Germany’s Green Energy Faceplant

No sooner do I post an item yesterday about Germany’s pathetic energiewende than the thesis is confirmed today in, of all places, the New York Times!

German journalist and Times op-ed contributor Jochen Bittner today writes of “The Tragedy of Germany’s Energy Experiment,” where these familiar-sounding highlights appear:

My country has embarked on a unique experiment indeed. The Merkel government has decided to phase out both nuclear power and coal plants. The last German reactor is scheduled to shut down by the end of 2022, the last coal-fired plant by 2038. At the same time, the government has encouraged the purchase of climate-friendly electric cars — increasing the demand for electrical power. And despite efforts to save energy in the past decades, Germany’s power consumption has grown by 10 percent since 1990. . .

The plan risks more than a shortfall in supply. It could also prevent the country from dealing with climate change. By shutting down nuclear plants faster than those for coal, Germany may consign itself to dependence on fossil fuels, and all the damage to the climate they cause, for longer than necessary. Nevertheless, Germans’ opposition to nuclear power endures: 60 percent of them want to get rid of it as soon as possible. . .

The tragedy about Germany’s energy experiment is that the country’s almost religious antinuclear attitude doesn’t leave room for advances in technology. Scientists in America, Russia and China believe that it is possible to run nuclear power plants on radioactive waste — which might solve the problem of how to store used fuel elements, one of the core arguments against nuclear. Certainly, these so-called fast breeder reactors have their dangers too. But as we transition to a completely renewable energy supply, wouldn’t they be a better alternative to coal and gas plants?

By shutting down its entire nuclear sector in a rush, Germany loses more opportunities than dangers. It forfeits the capacity to connect to a technology that might prove the safest and most climate-friendly mankind has yet seen. At the very least, using Germany’s existing nuclear plants would make an expeditious move away from fossil fuels possible.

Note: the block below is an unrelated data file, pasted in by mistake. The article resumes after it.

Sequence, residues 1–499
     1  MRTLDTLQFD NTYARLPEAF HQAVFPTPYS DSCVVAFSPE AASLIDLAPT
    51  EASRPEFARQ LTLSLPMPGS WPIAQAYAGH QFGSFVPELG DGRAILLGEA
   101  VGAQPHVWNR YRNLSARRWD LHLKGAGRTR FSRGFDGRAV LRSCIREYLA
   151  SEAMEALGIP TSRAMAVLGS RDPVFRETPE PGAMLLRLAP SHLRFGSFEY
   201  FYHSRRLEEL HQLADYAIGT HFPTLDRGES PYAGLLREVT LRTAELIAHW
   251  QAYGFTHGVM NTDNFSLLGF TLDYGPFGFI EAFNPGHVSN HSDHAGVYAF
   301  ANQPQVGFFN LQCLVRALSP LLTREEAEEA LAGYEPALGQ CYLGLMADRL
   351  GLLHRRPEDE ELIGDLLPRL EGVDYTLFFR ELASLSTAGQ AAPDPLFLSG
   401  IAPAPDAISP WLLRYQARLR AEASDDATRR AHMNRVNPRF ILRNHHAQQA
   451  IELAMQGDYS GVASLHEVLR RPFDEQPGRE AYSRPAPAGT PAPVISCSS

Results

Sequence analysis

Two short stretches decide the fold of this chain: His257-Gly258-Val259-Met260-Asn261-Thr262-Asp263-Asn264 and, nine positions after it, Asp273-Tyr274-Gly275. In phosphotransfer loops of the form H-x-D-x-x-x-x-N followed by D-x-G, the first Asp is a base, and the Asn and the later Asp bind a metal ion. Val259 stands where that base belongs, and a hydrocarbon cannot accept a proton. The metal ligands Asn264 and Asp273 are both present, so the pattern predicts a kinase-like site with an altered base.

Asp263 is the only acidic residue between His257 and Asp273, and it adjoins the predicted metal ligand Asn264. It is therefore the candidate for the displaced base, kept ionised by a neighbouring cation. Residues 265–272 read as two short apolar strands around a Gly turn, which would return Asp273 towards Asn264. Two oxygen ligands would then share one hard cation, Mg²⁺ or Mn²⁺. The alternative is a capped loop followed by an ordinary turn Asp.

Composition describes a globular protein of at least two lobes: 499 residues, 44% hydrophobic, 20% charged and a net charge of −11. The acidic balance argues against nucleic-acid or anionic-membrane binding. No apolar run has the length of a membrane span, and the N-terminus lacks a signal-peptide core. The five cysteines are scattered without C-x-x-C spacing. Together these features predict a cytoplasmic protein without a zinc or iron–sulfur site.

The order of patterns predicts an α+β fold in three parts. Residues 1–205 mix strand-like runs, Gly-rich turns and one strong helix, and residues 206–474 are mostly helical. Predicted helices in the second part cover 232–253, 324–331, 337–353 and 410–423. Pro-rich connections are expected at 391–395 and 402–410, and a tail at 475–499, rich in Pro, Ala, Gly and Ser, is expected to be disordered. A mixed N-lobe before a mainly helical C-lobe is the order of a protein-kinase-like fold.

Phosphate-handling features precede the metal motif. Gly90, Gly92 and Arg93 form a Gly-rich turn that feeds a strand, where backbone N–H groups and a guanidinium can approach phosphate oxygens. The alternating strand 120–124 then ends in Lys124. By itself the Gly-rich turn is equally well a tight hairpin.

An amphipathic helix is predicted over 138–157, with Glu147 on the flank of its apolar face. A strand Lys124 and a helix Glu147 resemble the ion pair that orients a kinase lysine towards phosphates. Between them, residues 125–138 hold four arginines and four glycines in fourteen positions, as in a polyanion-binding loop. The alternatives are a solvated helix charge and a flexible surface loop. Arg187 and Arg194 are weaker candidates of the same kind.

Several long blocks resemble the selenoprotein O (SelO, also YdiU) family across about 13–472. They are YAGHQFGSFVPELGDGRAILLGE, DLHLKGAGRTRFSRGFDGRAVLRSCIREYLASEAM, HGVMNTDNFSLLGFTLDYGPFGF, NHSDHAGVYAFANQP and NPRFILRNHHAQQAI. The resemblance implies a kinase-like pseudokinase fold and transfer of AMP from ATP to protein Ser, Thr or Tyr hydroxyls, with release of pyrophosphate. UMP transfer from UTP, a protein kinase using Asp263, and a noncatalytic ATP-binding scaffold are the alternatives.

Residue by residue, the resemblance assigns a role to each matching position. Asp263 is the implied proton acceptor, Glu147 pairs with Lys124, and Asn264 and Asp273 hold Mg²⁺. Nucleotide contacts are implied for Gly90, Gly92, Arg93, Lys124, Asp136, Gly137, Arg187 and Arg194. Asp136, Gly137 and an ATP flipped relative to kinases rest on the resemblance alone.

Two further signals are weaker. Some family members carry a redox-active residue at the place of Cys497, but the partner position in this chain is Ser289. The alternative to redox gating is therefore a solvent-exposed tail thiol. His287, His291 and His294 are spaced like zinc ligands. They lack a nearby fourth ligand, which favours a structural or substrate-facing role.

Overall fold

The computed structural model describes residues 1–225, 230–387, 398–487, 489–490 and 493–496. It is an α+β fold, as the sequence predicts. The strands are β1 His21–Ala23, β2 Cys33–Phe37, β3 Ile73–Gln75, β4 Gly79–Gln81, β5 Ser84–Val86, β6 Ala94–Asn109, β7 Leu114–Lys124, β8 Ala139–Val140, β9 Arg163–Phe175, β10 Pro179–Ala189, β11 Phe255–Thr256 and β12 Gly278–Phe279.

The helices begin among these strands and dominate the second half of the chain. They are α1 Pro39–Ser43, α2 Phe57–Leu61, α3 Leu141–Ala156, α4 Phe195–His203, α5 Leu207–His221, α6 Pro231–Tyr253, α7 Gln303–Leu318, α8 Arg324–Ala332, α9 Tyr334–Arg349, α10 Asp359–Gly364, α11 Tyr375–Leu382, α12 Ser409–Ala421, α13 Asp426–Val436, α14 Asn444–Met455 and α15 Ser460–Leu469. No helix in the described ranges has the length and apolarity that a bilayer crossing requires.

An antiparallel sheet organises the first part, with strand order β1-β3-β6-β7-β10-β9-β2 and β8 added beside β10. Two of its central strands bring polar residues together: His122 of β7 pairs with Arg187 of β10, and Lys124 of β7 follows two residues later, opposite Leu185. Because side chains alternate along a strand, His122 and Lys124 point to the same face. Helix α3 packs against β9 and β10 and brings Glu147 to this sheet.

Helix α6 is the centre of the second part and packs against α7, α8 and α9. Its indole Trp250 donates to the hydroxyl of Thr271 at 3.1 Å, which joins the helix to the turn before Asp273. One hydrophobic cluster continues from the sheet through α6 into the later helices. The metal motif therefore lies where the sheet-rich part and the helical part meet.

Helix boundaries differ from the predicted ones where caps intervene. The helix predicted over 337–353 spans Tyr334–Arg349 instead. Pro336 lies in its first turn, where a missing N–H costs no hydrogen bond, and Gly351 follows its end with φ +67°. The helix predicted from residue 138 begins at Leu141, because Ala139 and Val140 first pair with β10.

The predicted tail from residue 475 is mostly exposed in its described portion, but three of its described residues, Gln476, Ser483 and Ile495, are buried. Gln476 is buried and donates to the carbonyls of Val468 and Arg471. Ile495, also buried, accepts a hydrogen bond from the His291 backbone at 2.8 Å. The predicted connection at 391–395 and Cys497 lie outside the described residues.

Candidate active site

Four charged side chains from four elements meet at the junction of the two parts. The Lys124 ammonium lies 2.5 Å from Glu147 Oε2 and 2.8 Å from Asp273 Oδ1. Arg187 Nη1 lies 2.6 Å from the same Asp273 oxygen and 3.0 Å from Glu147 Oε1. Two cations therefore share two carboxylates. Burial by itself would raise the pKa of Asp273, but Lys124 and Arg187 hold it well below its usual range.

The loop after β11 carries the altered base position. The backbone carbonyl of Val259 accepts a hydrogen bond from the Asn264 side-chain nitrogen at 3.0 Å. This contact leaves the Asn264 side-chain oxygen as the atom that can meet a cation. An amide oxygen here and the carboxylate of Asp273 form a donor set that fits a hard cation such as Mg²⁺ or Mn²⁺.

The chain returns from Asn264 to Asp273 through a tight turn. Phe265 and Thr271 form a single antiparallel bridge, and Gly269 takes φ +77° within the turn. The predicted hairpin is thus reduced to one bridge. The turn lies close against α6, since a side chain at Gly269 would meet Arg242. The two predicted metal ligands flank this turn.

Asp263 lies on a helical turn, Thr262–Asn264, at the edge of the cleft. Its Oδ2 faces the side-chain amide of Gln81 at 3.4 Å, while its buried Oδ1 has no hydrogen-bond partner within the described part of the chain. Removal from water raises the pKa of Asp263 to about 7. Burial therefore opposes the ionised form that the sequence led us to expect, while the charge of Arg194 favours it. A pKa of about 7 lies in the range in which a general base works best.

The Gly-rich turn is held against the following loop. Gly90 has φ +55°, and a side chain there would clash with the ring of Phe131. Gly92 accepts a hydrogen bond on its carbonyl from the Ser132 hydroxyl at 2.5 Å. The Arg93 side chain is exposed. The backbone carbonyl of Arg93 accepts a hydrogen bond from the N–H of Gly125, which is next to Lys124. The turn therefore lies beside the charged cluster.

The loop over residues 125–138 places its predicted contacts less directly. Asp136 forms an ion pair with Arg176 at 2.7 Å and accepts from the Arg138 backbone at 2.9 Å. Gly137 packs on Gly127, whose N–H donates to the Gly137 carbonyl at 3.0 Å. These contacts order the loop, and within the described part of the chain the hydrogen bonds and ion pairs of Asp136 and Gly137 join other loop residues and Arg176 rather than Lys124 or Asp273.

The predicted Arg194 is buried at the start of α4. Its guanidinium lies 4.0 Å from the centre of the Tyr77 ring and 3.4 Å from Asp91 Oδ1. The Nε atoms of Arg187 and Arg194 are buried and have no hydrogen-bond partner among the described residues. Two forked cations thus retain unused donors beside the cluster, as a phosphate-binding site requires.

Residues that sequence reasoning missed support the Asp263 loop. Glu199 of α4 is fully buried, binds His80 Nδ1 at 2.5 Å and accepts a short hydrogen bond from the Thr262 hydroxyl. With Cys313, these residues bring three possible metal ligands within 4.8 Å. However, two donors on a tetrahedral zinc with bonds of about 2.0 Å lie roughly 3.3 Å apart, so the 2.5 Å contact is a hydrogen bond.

Is it irrational not to do so? Maybe, maybe not. But letting this chance slip away could turn out to be one of the gravest mistakes of the Merkel era.

Separately, Grist—the deep greenie Grist!—writes also today on “The Cost of Germany Turning Off Nuclear Power: Thousands of Lives.”

Back in 2011, Germany decided that it was done with nuclear power. The Fukushima Daiichi plant had just melted down in Japan, and the threat of disaster seemed overwhelming. Chancellor Angela Merkel’s government, which had intended to keep Germany’s plants open, did an about face and voted to shut down all of the country’s 17 plants by 2022 The only politicians opposing the measure were those who wanted to shut down the plants even faster.

At the time, nuclear provided a quarter of German electricity. In the years since, Germany has closed 11 plants, and is scheduled to shutter the remaining six in the next two years.

Multiple studies since then suggest that Germany did more harm than good. In the latest of these studies, a working paper recently published by the National Bureau of Economic Research, three economists modeled Germany’s electrical system to see what would have happened if it had kept those nuclear plants running. Their conclusion: It would have saved the lives of 1,100 people a year who succumb to air pollution released by coal burning power plants.

The epidemiology behind the claims of large health effects from conventional air pollution is likely shakier than we are usually told, but it is still notable that even the slowest of learners among the environmental left are actually starting to recognize that real life involves tradeoffs. I never thought I’d live long enough to see any environmentalists express second thoughts publicly about their previous reflexive anti-nuclear position, but here we are.

Notice: All comments are subject to moderation. Our comments are intended to be a forum for civil discourse bearing on the subject under discussion. Commenters who stray beyond the bounds of civility or employ what we deem gratuitous vulgarity in a comment — including, but not limited to, “s***,” “f***,” “a*******,” or one of their many variants — will be banned without further notice in the sole discretion of the site moderator.